Be your child’s best friend and partner-in-progress

When parents are over-anxious about their children, often it is not the children who need advice, it is the parents who need counseling!
A couple recently approached me to say that their child, a 17-year-old boy, was being drawn to all forms of “negativity” and that they had tried “treating” him without much “success”. The boy apparently had stopped faring well in academics, was drawn to a career as a script-writer for films, had tried smoking weed and had liked it, had stopped believing in God and was questioning the role of religion in Life. It was clear to me that both parents were anxious in their own way – the mother was vocal about it and the father admitted that he was often “hyper” with his son over his changed behavior. While clarifying to them that their child was not a problem and that he did he not require any treatment, I advised the couple to simply “chill”. The good news, I told them, is that their son was being honest in declaring – and sharing – his choices, opinions and preferences with them. And the better news also was that their child was simply being normal. I am not sure the parents agreed with me entirely though!
Here’s what we need to understand about parenting teenagers and young adults  – we must simply learn to let go! When children are in their adolescent years and are emerging into young adulthood, they are keen adventurers and explorers. They want to touch, feel and experience Life. They don’t want to live with our rationalizations and hypotheses. They even don’t want to learn from our experiences – they want to experiment and learn everything first hand. From handling money to making career choices to having sex to tasting alcohol to smoking tobacco to trying dope – they want to do it their way. Now, obviously, when a child you cradled in your arms, is beginning to want to live “free” you wonder if she or he can manage in this mad, chaotic, big world. You agonize over whether she or he is drinking too much; you fear whether the casual smoke will become a ruinous habit and you wonder if having sex too soon will lead to physical and social challenges. None of your concerns is baseless. But resisting your child’s adolescent curiosity is never productive. Instead, choose a mature, transparent approach. Talk to the child. Have conversations on all subjects. Nothing is taboo between a parent and a child. Tell the child what you feel about various her or his preferences or choices. Share what your experiences have been. Tell your child that you trust her or him and that you expect mature, intelligent behavior from her or him. Inform your child on what the law says about many of these matters – on say, drinking and driving, on pirated movies, on the difference between consensual sex and rape, on the use of contraband and narcotics. Let your perspective not be a command or a directive. Let it be an informed appeal. Invite the child to experience everything that’s permissible by the law of the land – but advice against getting carried away! And then let go! More often than not, when you genuinely repose faith and confidence, children usually behave very responsibly. Freedom is a great responsibility. And no one knows this better than children who are in their late teens – and who are trusted by their parents. This has been my personal experience as a parent too!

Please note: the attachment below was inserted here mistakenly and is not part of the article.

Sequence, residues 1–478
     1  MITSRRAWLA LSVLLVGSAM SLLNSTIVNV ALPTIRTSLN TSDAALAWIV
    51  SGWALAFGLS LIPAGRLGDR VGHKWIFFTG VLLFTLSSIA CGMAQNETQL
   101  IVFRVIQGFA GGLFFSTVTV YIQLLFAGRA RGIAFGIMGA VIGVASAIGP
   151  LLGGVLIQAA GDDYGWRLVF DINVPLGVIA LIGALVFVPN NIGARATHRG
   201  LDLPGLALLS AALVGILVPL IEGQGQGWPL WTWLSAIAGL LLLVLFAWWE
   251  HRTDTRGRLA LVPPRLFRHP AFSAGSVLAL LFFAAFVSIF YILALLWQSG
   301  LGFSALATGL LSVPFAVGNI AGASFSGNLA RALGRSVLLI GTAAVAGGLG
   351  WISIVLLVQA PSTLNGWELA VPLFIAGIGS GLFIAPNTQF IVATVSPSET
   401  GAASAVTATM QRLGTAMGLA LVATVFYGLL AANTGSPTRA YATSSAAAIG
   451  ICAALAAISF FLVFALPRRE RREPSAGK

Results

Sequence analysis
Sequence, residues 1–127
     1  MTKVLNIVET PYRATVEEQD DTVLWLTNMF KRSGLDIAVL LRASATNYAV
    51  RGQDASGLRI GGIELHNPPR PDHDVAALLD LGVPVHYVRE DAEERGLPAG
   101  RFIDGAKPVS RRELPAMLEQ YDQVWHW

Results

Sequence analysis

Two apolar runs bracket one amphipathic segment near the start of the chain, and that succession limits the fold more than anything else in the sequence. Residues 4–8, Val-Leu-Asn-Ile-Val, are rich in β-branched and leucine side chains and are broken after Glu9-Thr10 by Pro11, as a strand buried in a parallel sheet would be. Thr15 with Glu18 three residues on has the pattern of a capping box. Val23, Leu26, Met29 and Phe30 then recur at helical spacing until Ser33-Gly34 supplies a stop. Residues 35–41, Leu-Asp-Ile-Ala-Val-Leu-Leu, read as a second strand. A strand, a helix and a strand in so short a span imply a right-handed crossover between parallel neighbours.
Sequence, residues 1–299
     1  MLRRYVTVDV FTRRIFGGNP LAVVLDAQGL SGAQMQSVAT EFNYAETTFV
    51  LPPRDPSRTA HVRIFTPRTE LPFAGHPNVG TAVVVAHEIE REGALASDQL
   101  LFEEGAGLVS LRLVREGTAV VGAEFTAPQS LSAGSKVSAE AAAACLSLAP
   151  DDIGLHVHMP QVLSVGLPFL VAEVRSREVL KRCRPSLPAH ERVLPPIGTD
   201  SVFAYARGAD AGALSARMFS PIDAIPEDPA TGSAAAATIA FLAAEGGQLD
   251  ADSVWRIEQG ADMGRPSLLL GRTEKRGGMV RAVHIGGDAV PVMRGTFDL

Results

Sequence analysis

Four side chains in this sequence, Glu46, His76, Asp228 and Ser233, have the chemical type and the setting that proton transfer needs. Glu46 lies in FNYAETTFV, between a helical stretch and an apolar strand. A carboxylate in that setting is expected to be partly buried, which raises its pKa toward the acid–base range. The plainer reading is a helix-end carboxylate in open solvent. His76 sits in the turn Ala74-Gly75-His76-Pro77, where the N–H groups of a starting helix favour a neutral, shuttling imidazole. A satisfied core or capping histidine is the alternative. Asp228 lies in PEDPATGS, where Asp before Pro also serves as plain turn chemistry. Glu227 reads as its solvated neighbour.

I am not championing abdication when I say let go! Of course, if your child continues to show deviant behavior, you have to consistently communicate and inspire the child to change. For instance, if your child is smoking tobacco or weed, more empowering conversations must be had to wean the child away. By let go, I really mean that you must stop looking at your child as a problem kid or that your child has a “disease”. To want to explore Life on your own terms is a sign of creativity and leadership. Celebrate it. Don’t kill your child’s urge to live fully with your anxieties. If you do that you will have irreparably broken a lifelong bond that might have been possible between you and your child.

Parental anxiety is a natural response to teenage enthusiasm and irreverence. But rise above your anxieties, have empowering conversations with your child and see how beautifully your child responds. You child’s adolescent years need not be as stressful for both of you if can understand your child’s mind and thinking better. Wanting your child to be “just like you” is futile – because every child has a right to be independent and individual. And whether you like it or not, whether you know it or not, your child will exercise that right! So, since it is an eventuality that you cannot avoid, you might as well be your child’s best friend and partner-in-progress! Children make for great citizens and even greater human beings – provided you can be a compassionate friend and an empowering parent! 
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